This move by President Obama also belies the notion that America's war in Afghanistan, so publicly embraced by Presidential Candidate Obama in 2008, has been successful in militarily defeating the Taliban as a path to peace and stability in that part of the world. Rather, we have seen that America's escalation of the Afghan War in 2009 has only produced greater violence, more corruption and a larger insurgency with no end in sight to the war or to the suffering of the Afghan people.

As for the silence of members of Congress, the words craven and corrupt come to mind. Members of Congress are terrified to speak their minds on the war, afraid of being accused of not supporting the troops, not being tough or not being patriotic. Additionally, with a $1 trillion a year national and homeland security Leviathan, members of Congress are ensconced in a cocoon like cycle of war-policy chasing war-money and war-money chasing war-policy. So, members of Congress see no political, policy or financial advantage in questioning the war, even if they believe the war to be wrong, misguided or failing.

And essentially, the fact that this war is exceedingly unpopular makes absolutely no difference, in terms of form or substance, in terms of derailing this juggernaut? Where does that leave the American public? And what does this portend in terms of a state of perpetual war? This is very very bad.

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I think we should look back a year and look at the groundswell that came from libertarian and progressive organizations against American involvement in the Syrian Civil War that was pursued by the Obama Administration in the summer of 2013. A concerted and unified opposition by the American public to US bombing in Syria took the Obama Administration by complete surprise and derailed efforts to begin American intervention in Syria. This was a real success for not just the anti-war and peace movements, but also for American Democracy. It is important to remember that the system can be responsive and responsible to the citizens and so we should not lose hope, even when we are up against such an overwhelming force as the American war machine.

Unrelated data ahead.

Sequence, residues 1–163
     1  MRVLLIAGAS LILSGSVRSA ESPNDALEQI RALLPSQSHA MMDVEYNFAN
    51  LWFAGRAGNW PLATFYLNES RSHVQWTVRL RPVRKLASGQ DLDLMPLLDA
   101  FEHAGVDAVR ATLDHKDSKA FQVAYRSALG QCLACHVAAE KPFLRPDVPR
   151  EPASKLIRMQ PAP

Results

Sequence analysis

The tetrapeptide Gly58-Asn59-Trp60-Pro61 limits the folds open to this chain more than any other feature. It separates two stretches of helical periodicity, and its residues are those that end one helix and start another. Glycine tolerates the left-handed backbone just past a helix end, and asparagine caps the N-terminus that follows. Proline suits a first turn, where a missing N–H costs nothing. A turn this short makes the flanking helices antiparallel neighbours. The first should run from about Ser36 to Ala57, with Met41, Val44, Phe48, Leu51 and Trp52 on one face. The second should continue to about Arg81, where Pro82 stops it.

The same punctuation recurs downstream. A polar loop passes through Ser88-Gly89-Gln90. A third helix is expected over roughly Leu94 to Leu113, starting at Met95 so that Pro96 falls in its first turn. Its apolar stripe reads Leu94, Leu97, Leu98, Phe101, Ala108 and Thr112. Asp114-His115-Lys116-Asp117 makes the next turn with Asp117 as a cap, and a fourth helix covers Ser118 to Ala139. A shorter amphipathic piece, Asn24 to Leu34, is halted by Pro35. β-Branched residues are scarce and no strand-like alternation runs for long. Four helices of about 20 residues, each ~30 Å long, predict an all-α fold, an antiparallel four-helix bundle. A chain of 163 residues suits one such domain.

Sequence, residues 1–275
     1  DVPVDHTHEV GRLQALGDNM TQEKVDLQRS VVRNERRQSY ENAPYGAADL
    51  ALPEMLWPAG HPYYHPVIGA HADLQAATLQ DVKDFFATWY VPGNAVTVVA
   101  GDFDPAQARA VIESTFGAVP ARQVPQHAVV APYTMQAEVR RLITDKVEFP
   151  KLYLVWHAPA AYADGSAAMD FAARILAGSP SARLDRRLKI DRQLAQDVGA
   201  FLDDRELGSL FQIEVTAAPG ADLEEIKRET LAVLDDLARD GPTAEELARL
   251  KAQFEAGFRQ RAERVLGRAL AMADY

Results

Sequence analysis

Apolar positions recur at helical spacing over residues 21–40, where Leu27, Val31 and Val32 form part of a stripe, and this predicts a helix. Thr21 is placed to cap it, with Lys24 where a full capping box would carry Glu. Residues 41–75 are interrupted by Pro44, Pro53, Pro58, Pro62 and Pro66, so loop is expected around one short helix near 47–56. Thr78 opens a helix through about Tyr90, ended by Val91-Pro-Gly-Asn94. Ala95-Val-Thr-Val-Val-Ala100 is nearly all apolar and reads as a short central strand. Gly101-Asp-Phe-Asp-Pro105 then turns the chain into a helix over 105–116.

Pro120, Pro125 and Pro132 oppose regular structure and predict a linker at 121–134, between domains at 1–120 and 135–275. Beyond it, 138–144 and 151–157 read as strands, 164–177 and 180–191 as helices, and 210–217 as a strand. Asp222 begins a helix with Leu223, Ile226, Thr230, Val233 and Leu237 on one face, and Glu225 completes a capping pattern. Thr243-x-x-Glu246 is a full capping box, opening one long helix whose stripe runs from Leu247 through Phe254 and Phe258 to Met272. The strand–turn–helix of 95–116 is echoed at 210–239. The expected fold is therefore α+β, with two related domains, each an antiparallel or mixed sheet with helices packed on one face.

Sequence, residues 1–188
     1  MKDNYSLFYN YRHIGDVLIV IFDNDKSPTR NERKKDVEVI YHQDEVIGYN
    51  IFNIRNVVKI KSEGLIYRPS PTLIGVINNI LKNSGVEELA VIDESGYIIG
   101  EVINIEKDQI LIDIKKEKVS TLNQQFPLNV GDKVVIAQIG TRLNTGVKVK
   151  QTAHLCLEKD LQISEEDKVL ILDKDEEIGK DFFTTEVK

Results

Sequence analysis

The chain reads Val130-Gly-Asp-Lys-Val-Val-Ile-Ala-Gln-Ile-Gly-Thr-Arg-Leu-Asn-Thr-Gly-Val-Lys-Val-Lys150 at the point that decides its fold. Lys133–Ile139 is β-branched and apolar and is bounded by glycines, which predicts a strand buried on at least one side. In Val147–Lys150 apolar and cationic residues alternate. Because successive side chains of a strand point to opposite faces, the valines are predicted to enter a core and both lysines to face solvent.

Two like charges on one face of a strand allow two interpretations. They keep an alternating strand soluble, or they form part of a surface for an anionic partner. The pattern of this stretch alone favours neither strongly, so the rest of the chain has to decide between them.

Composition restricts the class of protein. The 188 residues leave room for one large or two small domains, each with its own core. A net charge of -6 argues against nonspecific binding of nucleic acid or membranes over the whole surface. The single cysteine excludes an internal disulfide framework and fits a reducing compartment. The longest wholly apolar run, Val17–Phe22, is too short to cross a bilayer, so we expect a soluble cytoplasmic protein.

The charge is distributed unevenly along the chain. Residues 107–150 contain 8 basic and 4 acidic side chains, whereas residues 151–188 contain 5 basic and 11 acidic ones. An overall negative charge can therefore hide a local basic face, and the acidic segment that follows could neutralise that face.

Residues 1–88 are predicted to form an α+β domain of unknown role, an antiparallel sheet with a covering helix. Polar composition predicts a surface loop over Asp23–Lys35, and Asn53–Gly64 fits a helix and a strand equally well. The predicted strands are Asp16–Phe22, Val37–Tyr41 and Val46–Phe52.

However this lesson was not lost on the Obama Administration and so, this year, when the opportunity came for the United States to insert itself into the conflicts in Iraq and Syria, the Administration was much better prepared to sell the war. The Administration was also more inclined to demonstrate patience and not offer a rush to war. Through a very effective public relations campaign, in many ways similar to the public relations campaign utilized by the Bush Administration to sell the Iraq War in 2002 and 2003, the Obama Administration has been able to manipulate the American public into fearing the Islamic State and demonstrating a need for American intervention (again, this is very similar to the public relations tactics used by the Bush Administration in 2002/3). This lesson is as important for us to remember as the lesson of success we had in 2013 in stopping American entry into the Syrian Civil War.

Those of us opposed to the state of perpetual war that we find our country committed to, and in many ways dependent upon, must understand the environment and dynamic that we must work with: public opinion, media and narrative. These elements are fluid and alive, but are also very susceptible to manipulation by the US government. To engage against the wars we must be robust in our work, learning from past experiences, anticipating future events and making sure that we utilize the greatest strengths of our movement: that America's war in our modern age, despite US government narratives to the contrary, have nearly all been immoral and counter-productive.

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Joan Brunwasser is a co-founder of Citizens for Election Reform (CER) which since 2005 existed for the sole purpose of raising the public awareness of the critical need for election reform. Our goal: to restore fair, accurate, transparent, secure elections where votes are cast in private and counted in public. Because the problems with electronic (computerized) voting systems include a lack of (more...)